Robust ferroelectric properties of organic croconic acid films grown on spintronically relevant substrates†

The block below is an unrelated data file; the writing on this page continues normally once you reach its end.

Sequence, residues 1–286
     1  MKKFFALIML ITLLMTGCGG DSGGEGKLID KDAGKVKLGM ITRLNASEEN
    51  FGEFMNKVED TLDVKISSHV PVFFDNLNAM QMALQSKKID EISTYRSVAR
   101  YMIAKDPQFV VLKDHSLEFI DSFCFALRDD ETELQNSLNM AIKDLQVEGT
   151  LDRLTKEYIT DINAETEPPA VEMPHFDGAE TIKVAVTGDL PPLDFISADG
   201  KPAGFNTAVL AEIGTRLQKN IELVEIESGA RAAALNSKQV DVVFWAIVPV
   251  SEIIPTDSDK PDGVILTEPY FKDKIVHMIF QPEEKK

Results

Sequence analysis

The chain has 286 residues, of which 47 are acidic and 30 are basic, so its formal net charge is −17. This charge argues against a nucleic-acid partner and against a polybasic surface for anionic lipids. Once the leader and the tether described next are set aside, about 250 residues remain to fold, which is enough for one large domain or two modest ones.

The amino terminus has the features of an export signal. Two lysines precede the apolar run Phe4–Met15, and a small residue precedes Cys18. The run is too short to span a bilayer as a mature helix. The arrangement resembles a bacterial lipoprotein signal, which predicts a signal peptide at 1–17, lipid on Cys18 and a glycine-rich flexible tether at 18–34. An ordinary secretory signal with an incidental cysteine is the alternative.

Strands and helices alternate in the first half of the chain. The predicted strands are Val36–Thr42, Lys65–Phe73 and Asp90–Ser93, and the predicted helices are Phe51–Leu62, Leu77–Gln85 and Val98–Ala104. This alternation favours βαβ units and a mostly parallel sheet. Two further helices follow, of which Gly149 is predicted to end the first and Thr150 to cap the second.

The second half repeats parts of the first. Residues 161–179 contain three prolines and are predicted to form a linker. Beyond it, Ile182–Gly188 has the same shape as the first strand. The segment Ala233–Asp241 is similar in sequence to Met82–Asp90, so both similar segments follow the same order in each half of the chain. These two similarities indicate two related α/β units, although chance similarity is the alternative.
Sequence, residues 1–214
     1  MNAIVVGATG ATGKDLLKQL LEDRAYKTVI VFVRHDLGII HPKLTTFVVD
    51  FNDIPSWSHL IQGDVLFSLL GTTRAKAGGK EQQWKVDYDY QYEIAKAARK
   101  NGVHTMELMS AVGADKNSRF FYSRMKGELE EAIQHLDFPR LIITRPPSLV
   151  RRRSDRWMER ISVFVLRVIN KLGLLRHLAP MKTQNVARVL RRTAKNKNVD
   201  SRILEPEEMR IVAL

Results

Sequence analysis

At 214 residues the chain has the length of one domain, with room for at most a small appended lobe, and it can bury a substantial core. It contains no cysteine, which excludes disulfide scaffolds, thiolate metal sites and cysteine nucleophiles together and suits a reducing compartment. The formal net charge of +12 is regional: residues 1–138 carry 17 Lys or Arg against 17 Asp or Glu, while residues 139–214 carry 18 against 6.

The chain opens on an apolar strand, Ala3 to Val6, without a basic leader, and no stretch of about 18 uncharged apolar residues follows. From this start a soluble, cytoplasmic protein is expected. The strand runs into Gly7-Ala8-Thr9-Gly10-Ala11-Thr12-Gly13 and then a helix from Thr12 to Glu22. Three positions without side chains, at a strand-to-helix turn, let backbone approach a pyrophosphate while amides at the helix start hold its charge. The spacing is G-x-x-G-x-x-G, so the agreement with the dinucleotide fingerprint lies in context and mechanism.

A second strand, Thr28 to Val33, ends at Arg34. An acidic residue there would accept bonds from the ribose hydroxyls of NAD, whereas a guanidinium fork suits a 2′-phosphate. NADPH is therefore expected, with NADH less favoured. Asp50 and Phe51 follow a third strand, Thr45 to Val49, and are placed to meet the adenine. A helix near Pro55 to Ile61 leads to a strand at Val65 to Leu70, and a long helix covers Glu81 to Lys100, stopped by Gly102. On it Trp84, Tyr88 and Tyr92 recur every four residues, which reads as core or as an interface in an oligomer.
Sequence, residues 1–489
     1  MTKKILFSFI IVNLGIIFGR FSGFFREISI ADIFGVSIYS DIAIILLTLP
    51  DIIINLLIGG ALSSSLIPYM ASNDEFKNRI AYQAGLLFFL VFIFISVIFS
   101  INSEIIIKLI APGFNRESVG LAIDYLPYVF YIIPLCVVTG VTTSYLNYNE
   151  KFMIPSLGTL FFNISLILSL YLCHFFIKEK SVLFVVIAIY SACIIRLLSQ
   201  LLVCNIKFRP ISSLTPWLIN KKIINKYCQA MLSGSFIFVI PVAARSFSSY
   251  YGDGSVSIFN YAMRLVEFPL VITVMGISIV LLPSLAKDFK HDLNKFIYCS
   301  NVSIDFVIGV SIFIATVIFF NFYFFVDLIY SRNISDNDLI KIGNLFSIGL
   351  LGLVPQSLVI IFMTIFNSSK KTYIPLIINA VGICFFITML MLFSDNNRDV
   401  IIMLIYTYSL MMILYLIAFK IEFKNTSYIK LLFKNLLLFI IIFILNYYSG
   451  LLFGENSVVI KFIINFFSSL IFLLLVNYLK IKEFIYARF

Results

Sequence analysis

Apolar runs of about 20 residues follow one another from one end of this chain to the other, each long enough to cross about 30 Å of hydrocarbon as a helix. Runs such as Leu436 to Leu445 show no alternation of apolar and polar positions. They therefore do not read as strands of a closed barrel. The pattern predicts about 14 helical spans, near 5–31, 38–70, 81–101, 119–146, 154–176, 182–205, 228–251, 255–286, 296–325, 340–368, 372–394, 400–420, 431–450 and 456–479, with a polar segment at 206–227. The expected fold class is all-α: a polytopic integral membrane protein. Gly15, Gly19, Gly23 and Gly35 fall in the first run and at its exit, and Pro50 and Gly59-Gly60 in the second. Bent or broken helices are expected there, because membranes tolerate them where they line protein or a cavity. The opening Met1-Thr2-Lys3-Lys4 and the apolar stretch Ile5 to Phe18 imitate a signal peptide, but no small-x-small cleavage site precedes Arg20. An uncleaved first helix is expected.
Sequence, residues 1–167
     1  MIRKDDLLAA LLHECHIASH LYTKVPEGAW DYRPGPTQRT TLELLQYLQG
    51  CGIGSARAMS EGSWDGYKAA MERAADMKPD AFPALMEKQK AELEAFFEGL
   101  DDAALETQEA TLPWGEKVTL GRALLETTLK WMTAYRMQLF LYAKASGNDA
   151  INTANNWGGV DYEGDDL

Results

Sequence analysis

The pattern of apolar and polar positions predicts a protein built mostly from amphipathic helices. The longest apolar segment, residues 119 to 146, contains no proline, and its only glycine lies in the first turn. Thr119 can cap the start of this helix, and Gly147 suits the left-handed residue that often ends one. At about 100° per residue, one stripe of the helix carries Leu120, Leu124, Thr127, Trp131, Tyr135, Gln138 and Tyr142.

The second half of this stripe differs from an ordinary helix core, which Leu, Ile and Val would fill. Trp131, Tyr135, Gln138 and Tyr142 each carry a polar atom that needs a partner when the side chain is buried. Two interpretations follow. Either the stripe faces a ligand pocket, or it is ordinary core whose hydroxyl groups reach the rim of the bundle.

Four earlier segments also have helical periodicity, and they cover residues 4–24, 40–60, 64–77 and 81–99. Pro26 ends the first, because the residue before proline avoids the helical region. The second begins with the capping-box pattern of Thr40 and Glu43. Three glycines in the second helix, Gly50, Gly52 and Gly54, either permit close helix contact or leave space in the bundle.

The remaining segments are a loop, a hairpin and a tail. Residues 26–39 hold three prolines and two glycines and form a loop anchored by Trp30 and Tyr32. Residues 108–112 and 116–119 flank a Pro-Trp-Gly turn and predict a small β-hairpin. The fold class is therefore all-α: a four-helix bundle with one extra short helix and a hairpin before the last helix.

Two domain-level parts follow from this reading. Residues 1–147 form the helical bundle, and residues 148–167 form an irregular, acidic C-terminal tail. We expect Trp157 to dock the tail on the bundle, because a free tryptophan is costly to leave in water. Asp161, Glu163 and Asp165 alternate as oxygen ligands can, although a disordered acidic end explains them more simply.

The discovery of stable room temperature ferroelectricity in croconic acid, an organic ferroelectric material, with polarization values on par with those found in inorganic ferroelectric materials and highest among organic ferroelectric materials, has opened up possibilities to realize myriads of nano-electronic and spintronic devices based on organic ferroelectrics. Such possibilities require an adequate understanding of the ferroelectric properties of croconic acid grown on surfaces that are commonly employed in device fabrication. While several macroscopic studies on relatively larger crystals of croconic acid have been performed, studies on thin films are only in their early stages. We have grown thin films of croconic acid on gold and cobalt surfaces, which are commonly used in spintronic devices as metallic electrodes, and studied the films’ ferroelectric response using ex situ piezoresponse force microscopy at room temperature. We show that the polarization reversal in croconic acid domains is sensitive to the substrate surface. Using the same experimental protocol, we observe the robust polarization reversal of a single, mostly in-plane electrical domain for a cobalt substrate, whereas polarization reversal is hardly observed for a gold substrate. We attribute this difference to the substrate's influence on the croconic acid molecular networks. Our study suggests that to realize devices one has to take care about the substrate on which croconic acid will be deposited. The fact that polarization switching is robust on the cobalt surface can be used to fabricate multifunctional devices that utilize the cobalt/croconic acid interface.